apply fertiliser. Introducing legumes         cultivated pasture during the wet season
                could be a cost-effective way to improve      can offer returns eight times higher.
                quality. Stylosanthes species, CIAT 184,      The effect of seedbed treatment, cutting
                Verano and ATF 3308 were the best             frequency and selective grass defoliation
                legumes to plant in alternate rows with       on the production and botanical
                Ubon paspalum and increased total crude       composition of experimental swards of
                protein yields by up to 80%.                  Urochloa mosambicensis and Bothriochloa
                Yield and quality of Digitaria eriantha       pertusa mixed with Stylosanthes—by
                and Eragrostis curvula with nitrogen          F.D. Hu and Ray Jones, on pages 204–216.
                fertilization in Argentina—by A.O.            Yields of Verano and Seca stylo are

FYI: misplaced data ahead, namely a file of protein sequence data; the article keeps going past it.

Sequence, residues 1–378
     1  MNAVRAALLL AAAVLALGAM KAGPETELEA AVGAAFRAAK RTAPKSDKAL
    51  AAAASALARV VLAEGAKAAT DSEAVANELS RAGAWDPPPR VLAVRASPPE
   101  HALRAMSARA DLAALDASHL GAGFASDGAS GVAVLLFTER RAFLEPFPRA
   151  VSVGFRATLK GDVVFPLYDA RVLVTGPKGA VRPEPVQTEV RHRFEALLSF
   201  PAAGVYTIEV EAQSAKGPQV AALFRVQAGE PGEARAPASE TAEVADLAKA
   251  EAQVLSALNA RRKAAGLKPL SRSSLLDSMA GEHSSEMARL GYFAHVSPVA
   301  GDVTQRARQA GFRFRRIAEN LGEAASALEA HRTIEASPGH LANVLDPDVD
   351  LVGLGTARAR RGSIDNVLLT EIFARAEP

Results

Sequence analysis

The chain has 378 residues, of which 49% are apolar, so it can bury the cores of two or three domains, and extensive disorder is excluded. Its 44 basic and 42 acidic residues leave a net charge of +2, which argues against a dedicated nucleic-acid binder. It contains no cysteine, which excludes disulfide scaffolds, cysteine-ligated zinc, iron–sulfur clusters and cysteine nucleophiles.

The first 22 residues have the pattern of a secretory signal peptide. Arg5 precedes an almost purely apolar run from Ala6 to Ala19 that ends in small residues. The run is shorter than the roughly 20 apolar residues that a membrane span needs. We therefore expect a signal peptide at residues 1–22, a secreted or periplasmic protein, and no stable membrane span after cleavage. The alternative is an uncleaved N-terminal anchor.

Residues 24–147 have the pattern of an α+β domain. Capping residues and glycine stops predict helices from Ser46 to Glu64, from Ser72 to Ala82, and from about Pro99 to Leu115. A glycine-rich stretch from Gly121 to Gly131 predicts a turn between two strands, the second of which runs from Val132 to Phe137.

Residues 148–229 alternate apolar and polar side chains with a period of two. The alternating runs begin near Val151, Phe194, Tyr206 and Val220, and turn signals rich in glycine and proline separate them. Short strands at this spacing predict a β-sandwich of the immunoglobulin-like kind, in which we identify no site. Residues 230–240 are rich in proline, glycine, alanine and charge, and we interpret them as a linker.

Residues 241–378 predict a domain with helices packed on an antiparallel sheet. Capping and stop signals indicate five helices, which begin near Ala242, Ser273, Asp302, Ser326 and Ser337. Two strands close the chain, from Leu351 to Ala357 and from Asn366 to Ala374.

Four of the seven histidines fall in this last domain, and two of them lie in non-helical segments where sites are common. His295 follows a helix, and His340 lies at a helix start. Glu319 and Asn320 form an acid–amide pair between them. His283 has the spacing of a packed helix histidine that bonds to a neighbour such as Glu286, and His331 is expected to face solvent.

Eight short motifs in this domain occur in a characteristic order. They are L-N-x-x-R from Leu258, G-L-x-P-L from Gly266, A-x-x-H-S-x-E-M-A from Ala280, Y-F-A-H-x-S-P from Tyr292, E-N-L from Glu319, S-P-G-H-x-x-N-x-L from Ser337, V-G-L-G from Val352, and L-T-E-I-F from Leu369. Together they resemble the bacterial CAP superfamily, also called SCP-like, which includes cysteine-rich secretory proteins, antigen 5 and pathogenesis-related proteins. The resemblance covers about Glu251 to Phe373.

Gargano and M.A. Aduriz, on pages 178–        reduced when sown with Sabi grass or
                185.                                          Indian couch. Vera produced three times
                The increases in dry matter yield, crude      the yield of Seca.
                protein and digestibility suggest that        In the growing season, cattle
                fertilising with nitrogen could be used but   preferentially graze the grass. In the trial,
                the productive and economic advantages        the whole sward was cut or just the grass.